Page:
3 reasons to welcome negative feedback

Andrew Lancaster
Company Director
UniCurve
Blogger
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To welcome negative feedback from customers is a smart business strategy. As a customer manager, you can excel by overcoming the natural human tendency to shy away from criticism. Here are three very good reasons to be receptive to negative as well as positive feedback.

1. To retain the customer

Open feedback channels give you a chance to retain customers who have complaints. When a customer has a negative experience, they are inclined to become disillusioned about continuing to purchase the product or service. They may walk away.

With an effective feedback mechanism in place, customers feel more empowered. Just knowing they can make a complaint may encourage them to stick with your product. The healing effect of making their voice heard can do the same.

Turning sentiment around

Better still, you can respond to negative feedback by fixing the problem and achieving genuine customer satisfaction. Normally, this needs to be done quickly since waiting is a significant frustration for people wanting remedial customer service.

A customer who is prepared to complain probably has an above-average emotional investment in the purchase. If they were apathetic, they probably would be quietly walking away already. Turning their sentiment around could mean you create a loyal customer who may one day be an advocate for the product.

Achieve a sentiment transformation in an individual customer is within reach more often than people may think. It simply requires the service term to effectively substitute a negative initial experience with the memory of being listened to and ultimately receiving a good deal.

2. To improve the customer experience

Every instance of receiving negative feedback is a potential opportunity to permanently improve CX. Missing out on criticisms puts you in a blinkered setting where customers and sales are steadily drifting away.

Usually, negative feedback is about customer service and not the essential product or service being sold (Second Opinion Marketing). For example, the customer may have trouble with the billing process or contacting a helpdesk. Refining CX by acting on feedback can be a low-cost but highly effective way to boost sales.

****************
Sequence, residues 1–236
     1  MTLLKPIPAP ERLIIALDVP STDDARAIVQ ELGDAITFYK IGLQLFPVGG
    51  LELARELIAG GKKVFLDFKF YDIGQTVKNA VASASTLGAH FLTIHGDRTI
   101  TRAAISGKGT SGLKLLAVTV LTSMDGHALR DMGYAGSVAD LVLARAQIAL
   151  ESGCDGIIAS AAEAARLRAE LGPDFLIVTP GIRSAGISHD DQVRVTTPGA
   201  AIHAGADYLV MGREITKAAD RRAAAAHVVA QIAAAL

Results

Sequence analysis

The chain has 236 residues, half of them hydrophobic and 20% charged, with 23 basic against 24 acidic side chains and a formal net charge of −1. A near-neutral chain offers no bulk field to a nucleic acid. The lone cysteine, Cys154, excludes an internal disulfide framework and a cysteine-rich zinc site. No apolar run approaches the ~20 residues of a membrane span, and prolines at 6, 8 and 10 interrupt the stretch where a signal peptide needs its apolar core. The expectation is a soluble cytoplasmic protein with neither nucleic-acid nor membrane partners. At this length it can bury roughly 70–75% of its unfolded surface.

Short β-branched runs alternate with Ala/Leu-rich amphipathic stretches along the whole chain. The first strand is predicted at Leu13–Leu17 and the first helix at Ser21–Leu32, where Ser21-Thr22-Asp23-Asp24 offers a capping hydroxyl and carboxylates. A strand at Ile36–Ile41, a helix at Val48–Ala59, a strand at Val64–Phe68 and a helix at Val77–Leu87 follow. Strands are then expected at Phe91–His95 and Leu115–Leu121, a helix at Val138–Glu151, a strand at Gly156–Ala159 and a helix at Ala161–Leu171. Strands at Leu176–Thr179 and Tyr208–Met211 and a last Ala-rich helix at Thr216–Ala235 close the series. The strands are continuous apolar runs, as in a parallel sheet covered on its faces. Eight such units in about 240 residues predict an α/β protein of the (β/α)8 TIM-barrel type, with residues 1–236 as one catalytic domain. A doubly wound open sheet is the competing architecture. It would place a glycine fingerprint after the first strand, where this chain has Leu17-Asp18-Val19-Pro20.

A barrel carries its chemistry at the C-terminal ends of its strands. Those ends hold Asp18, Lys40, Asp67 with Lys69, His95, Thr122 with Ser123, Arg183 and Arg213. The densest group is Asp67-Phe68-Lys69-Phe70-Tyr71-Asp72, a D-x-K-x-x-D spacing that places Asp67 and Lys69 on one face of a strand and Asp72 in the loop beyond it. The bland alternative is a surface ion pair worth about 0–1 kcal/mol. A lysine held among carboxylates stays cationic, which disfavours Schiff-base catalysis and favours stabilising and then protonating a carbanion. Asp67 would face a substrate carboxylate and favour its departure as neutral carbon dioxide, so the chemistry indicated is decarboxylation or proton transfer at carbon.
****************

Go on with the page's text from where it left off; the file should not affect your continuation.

Receiving detailed negative feedback also presents an opportunity to identify what’s stopping customers from making positive emotional connections with your product or service. Getting those emotional connections is a revenue increasing activity, and an area where hard data is often lacking.

The bottom line is that those businesses that respond to negative feedback promptly and genuinely will benefit. Those who ignore negative feedback are likely to suffer.  ~ Cleverism

3. If they don’t vent to you, they may do it somewhere else

Who would you rather hear a stinging criticism of your product or service: (A) one of your company’s staff members or (B) thousands of potential customers? Obviously, it’s A. By giving customers open channels to provide feedback directly, you can help ensure that happens.

Without accessible feedback channels, frustrated customers may vent on review sites or social media. The cost to your business could be devastating.

The cost of a single negative review is generally measured in thousands of dollars or pounds. Almost all consumers are in the habit of checking brand reviews before buying. And they are influenced by those reviews. A poor review on a prominent site can be expected to turn away many prospective customers.

If a customer becomes dissatisfied, not only do you risk losing their business but also many future customers.  ~ Mallory

About Andrew Lancaster

Dr Andrew Lancaster, Director of UniCurve.com.

ANDREW LANCASTER is the founder and director of UniCurve.com. He believes in intuition backed by science for getting optimal customer reactions. UniCurve publishes popular information sites for university and college students.

Try to understand their experience. And always test to see if your assumptions are working.

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